View Full Version : Traditional Germanic Wooden Houses?

Friday, October 21st, 2005, 10:08 PM
Do all traditional wooden houses in Germanic countries look like these Norwegian houses?




Any pictures?

Friday, October 21st, 2005, 10:23 PM
From Bavaria and the Black Forest:






Saturday, October 22nd, 2005, 12:27 AM
From Bavaria and the Black Forest:

Yeah, thanks.

They're of different style, very high-roofed.

Anything from Sweden, Denmark or Northern Germany?

Monday, February 4th, 2008, 07:34 PM
Some plans and reconstructions of Germanic houses which include turf houses, West Frisian farms, Norse/Viking longhouses, Saxon style houses.

Sunday, March 30th, 2008, 03:27 PM

The Germans lived together in small villages, and if those grew too big a number of people moved away to build a new village so big cities were rare in Germania, according to Tacitus the Germans only had one big city near the river Rhine that was called Asciburgium; according to Germanic legends this city was founded by the hero Ulysses, and an altar to him and his father Laertes was placed inside the city.
Asciburgium is probably a Latinized version of "Askiburg" and Ulysses may have been the god Frey or the hero Siegfried, who was in some legends considered to be the prince of Xanten, one of the oldest cities of modern Germany that also lies near the Rhine, the exact location of Asciburgium is believed to have been the modern city of Moers-Asberg southeast of Xanten.

Much information we have about Germanic settlements is derived from Roman historians, but even more valuable information has been obtained by our modern archeologists who dig up the most interesting objects, a good example is mentioned in this Dutch newsarticle that was published in the "Gelders Dagblad" on February 05, 2003:

"Rubbish dump from Iron Age found
From one of our reporters.
Beek - Archeologists have dug up remains from the Iron Age in Beek.

Never before have traces of old settlements been found in a Limburgian creekvalley. According to archeologists it is a 'rubbish- and dumpzone', a rubbish dump from the Iron Age. The finding indicates that in the Iron Age (800 to 12BC) the rubbish was dumped in or along a creek. Provincial archeologist Béatrice de Fraiture: 'We are actually looking into the biological trashcan of our ancestors. We also found two bronze clothing pins and pieces of glass from a bracelet. Because of the jewellry we immediately knew what time we were dealing with.'"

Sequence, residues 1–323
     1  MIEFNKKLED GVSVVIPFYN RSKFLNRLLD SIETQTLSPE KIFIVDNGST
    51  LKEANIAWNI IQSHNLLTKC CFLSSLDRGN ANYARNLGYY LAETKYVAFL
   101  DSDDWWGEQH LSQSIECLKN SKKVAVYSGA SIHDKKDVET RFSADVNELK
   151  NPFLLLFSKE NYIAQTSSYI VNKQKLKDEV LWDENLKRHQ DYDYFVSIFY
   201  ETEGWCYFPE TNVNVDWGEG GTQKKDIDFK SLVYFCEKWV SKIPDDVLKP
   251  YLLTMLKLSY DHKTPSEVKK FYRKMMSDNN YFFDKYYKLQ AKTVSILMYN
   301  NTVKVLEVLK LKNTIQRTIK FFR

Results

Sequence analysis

The Germans mainly used wood and reed for building their houses, they sometimes made the foundations of stone and used twigs, clay, and other materials to make the walls wind- and waterproof.
In his "Germania" Tacitus writes the following:


"It is a well-known fact that the peoples of Germany never live in cities and will not even have their houses adjoin one another. They dwell apart, dotted about here and there, wherever a spring, plain, or grove takes their fancy.
Their villages are not laid out in the Roman style, with buildings adjacent and connected. Every man leaves an open space round his house, perhaps as a precaution against the risk of fire, perhaps because they are inexpert builders. They do not even make use of stones or walltiles; for all purposes they employ rough-hewn timber, ugly and unattractive-looking. Some parts, however, they carefully smear over with a clay of such purity and brilliance that it looks like painting or coloured design. They also have the habit of hollowing out underground caves, which they cover with masses of manure and use both as refuges from the winter and as storehouses for produce. Such shelters temper the keenness of the frosts; and if an invader comes, he ravages the open country, while these hidden excavations are either not known to exist, or else escape detection simply because they cannot be found without a search."